In 1869 - 1880 Friedrich Kohlrausch conducteda series of very precise measurements of the conductivities of many compoundsat various concentrations and temperatures. He discovered the constantdifferences in the conductivities of solutions with a common ion as isillustrated in the Basic Experiment with this simulation (these differencesbecome very precise when the equivalent conductivities are extrapolatedto infinite dilution). This became known as Kohlraush'sLaw of the Independent Migration of Ions.
It can be illustrated as:
LKCl= LNaCl + LKBr- LNaBr
In the Basic Experiment, there were some materialswhich did not obey these rules, especially those materials which did notcompletely dissolve. Kohlraush's Law provides a way to estimate whatthe conductivity of an insoluble material should be if all of the materialwould dissolve. For instance, in the case of Silver Chloride:
The conductivity of a 0.00100 mol/L solutionof Silver Chloride shouldbe equal to the sum of the conductivities of 0.00100 mole/L solutionsof silver nitrateand sodium chlorideminus the conductivity of a 0.00100 mole/L solution of sodiumnitrate. The actual conductivity ismuch less than this calculated value, indicating that the concentrationof silver and chloride ions is much less than 0.00100 moles/Liter. The actual concentration of the ions can be estimated as:
actual concentration / actual conductivity= 0.00100 / calculated conductivity
A more precise statement of this relationshipis:
This principle may be applied to estimate theconcentration of ions in a saturated solution of any ionic material, butit works best for materials which are extremely insoluble where the equivalentconductivity values whould be extrapolated to infinite dilution.
The principle can also be applied to solutionsof weak electrolytes, which do not completely ionize. A generic weakacid which we'll call HAcomes to equilibrium with its ions:
HA(aq) <=> H+(aq) + A-(aq) Keq = [H+][A-] / [HA]
The conductivity of the solution depends onthe concentration of the ions, since the undissociated molecules (HA) donot conduct electricity.
The conductivity that a 0.00100 M solutionof this weak acid should have may be calculated from the conductivitiesof a strong acid (such as HCl), the sodium salt of this acid, and sodiumchloride. The concentration of the ions is estimated as:
concentration of ions / actual conductivity= 0.00100 / calculated conductivity
The concentration of ions (this is equal tothe concentration of hydrogen ions AND to the concentration of the anion)and the concentration of undissociated acid (0.00100 - the concentrationof ions) can be used to estimate the equilibrium constant.
1. Measure the conductivities of 0.00100 Msolutions of AgNO3,NaCl,NaNO3,and that of a saturated solution of AgCl. Estimate the solubility of AgCl.
2. Use these same principles to estimate thesolubility of other silver salts,and that of Barium Sulfate.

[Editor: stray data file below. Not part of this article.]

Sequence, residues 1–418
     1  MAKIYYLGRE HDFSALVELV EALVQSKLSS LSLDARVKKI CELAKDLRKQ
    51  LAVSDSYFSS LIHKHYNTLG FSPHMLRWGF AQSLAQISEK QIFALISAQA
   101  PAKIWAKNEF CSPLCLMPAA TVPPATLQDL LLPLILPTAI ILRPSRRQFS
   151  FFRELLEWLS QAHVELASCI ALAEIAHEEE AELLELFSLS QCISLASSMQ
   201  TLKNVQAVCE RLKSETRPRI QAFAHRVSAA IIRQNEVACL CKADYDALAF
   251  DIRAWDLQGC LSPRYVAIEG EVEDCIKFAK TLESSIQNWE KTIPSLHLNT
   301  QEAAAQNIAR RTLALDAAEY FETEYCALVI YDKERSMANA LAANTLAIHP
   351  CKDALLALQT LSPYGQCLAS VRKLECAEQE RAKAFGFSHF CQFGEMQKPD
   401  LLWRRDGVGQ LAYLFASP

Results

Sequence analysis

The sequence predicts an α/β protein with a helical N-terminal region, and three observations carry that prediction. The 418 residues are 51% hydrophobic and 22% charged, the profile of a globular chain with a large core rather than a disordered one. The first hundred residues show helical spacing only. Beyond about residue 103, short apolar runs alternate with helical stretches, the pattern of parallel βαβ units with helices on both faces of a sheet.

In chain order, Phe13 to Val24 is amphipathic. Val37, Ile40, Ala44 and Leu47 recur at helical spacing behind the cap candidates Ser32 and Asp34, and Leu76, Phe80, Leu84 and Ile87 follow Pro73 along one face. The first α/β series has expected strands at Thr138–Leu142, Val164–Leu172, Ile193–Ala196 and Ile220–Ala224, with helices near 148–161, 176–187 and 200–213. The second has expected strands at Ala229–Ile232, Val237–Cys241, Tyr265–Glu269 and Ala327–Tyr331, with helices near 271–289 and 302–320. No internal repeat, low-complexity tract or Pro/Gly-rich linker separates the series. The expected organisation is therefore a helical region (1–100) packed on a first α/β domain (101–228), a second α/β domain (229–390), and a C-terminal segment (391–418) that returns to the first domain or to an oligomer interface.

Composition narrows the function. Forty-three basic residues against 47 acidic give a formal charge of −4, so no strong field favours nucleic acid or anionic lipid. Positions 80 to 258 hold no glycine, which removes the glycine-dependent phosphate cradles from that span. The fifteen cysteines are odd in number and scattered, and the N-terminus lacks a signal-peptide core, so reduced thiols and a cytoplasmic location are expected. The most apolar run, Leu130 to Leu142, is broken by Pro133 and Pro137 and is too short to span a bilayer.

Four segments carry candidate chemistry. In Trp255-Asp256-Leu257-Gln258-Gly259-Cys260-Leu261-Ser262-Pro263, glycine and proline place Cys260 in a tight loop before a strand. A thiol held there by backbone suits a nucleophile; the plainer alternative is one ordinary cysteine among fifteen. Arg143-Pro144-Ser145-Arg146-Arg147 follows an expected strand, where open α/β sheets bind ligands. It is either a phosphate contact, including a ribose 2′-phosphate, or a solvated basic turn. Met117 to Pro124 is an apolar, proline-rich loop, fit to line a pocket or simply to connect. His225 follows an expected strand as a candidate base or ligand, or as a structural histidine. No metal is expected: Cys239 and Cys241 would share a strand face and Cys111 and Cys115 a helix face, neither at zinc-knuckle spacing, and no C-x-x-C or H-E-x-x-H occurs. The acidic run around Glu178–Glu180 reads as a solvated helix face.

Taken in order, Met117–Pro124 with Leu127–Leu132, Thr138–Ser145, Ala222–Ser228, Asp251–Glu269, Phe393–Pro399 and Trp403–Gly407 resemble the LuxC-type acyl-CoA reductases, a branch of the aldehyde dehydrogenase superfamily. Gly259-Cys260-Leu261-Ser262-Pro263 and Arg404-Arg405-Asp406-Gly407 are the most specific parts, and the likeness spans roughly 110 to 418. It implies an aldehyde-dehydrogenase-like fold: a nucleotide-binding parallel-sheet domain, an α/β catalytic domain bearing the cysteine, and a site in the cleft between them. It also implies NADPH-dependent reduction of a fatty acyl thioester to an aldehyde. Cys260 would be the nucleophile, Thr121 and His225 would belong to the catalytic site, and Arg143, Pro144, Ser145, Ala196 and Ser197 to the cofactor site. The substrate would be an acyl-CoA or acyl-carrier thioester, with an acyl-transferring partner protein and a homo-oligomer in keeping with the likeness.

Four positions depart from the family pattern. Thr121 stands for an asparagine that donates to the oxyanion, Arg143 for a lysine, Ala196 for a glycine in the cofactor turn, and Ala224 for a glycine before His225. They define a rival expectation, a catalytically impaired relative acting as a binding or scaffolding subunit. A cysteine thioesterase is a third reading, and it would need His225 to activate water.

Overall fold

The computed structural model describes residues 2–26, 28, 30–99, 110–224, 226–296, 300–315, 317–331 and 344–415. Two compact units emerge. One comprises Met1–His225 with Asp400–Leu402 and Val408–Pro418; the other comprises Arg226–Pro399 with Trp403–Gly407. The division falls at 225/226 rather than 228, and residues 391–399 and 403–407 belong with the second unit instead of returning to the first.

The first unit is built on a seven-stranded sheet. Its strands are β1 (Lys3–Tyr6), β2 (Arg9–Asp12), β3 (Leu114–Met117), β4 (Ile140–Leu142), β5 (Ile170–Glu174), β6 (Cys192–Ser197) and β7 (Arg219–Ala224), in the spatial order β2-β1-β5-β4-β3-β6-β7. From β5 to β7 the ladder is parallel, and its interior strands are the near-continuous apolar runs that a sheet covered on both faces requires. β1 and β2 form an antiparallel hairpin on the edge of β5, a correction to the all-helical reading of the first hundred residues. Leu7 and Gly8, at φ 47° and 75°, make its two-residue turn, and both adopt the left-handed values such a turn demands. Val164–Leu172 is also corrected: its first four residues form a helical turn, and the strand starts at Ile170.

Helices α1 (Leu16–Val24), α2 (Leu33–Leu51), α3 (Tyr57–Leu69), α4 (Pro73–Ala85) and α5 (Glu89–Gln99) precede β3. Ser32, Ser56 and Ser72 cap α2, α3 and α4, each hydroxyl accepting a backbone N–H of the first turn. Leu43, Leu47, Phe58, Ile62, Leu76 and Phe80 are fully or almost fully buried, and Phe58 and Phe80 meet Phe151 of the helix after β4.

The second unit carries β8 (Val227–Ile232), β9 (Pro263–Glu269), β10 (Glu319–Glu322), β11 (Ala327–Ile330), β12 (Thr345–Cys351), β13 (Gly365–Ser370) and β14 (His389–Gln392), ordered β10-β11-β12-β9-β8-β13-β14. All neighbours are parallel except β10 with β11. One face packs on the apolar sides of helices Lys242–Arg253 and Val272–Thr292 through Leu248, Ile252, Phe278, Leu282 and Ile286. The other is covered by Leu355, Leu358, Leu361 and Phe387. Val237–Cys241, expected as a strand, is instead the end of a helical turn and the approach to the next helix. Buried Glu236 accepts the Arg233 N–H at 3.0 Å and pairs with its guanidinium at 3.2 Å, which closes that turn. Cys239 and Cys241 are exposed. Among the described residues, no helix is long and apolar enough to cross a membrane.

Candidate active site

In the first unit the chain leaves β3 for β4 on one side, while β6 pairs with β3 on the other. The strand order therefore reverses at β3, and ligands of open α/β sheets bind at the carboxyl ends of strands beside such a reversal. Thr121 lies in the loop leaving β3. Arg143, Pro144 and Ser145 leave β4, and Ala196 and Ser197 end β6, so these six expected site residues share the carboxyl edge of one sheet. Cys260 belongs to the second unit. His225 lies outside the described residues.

3. Measure the conductivities of solutionsof Calcium Hydroxide, at increasing concentrations until the solubilitylimit is exceeded. Estimate the solubility.
Weak Acids and Bases:
1. Measure the conductivities of acetic acidsolutions at concentrations up to 1.0 M. Calculate the ionizationconstant at each concentration.
2. Measure the conductivities of ammonia solutionsat concentrations up to 1.0 M. Calculate the ionization constantat each concentration.
Electrical Conductivity Studies of AgCl:KCl (RbCl, CsCl) Composites and a Novel Method of Obtaining Highly Porous Materials
C.C. Liang, J. Electrochem. Soc., 120, 1289 (1973).
P. Chowdhary, V.B. Tare, and J.B. Wagner, J. Electrochem. Soc., 132, 123 (1985).
P. Chowdhary and J.B. Wagner, Mater. Lett., 3, 78 (1985).
T. Jow and J.B. Wagner, J. Electrochem. Soc., 126, 1963 (1979).
K. Shahi and J.B. Wagner, J. Phys. Chem. Solids, 43, 713 (1982).
K. Shahi and J.B. Wagner, J. Solid State Chem., 42, 107 (1982).
K. Shahi and J.B. Wagner, J. Electrochem. Soc., 128, 6 (1981).
J.B. Wagner, Mater. Res. Bull., 15, 1691 (1980).
K. Shahi and J.B. Wagner, Appl. Phys. Lett., 37, 757 (1980).
J. Maier, Solid State Ionics, 18 & 19, 1141 (1986).
J. Maier, J. Electrochem. Soc., 134, 1524 (1987).
J. Maier, Prog. Solid St. Chem., 23, 171 (1995).
J.-S. Lee and J. Maier, Proc. 3rd Int. Symp. Ionic and Mixed Conducting Ceramics (T.A. Ramanarayanar, W.I. Worrell, H.L. Tuller, M. Mogensen and A.C. Khandkar (eds.)), The Electrochemical Society, vol. PU 97–24, Pennington (1997), pp. 757–763.
J.I. Peña, R.I. Merino, G.F. de la Fuente, and V.M. Orera, Adv. Mater., 8, 909 (1996).
S. Schimschal-Thölke, H. Schmalzried, and M. Martin, Ber. Bunsenges. Phys. Chem., 99, 1 (1995).
H.-P. Bossmann, J. Richter, and N. Struck, Z. Naturforsch., 46a, 206 (1991).
J.W. Martin and R.D. Doherty, in Stability of Microstructure in Metallic Systems (Cambridge University Press 1976), p. 212.
J. Fleig, F. Noll, and J. Maier, Ber. Bunsenges. Phys. Chem., 100, 607 (1996).
U. Lauer, J. Maier, and W. Göpel, Sensors and Actuators B, 2, 125 (1990).
J. Maier and U. Lauer, Ber. Bunsenges. Phys. Chem., 94, 973 (1990).
E. Hartmann, V.V. Peller, and G.I. Rogalski, Solid State Ionics, 28-30, 1098 (1988).
M. Holzinger, J. Fleig, J. Maier, and W. Sitte, Ber. Bunsenges. Phys. Chem., 99, 1427 (1995).
A.J. Polak, S. Petty-Weeks, and A.J. Beuhler, Sensors and Actuators, 9, 1 (1986).
Max-Planck-Institut fu¨r Festko¨rperforschung, Heisenbergstraße 1, 70569, Stuttgart, Germany
Amita Chandra, Annett Spangenberg & Joachim Maier
About this article
Cite this article
Chandra, A., Spangenberg, A. & Maier, J. Electrical Conductivity Studies of AgCl:KCl (RbCl, CsCl) Composites and a Novel Method of Obtaining Highly Porous Materials. Journal of Electroceramics3, 47–52 (1999). https://doi.org/10.1023/A:1009914916022
Share this article
Anyone you share the following link with will be able to read this content:
Sorry, a shareable link is not currently available for this article.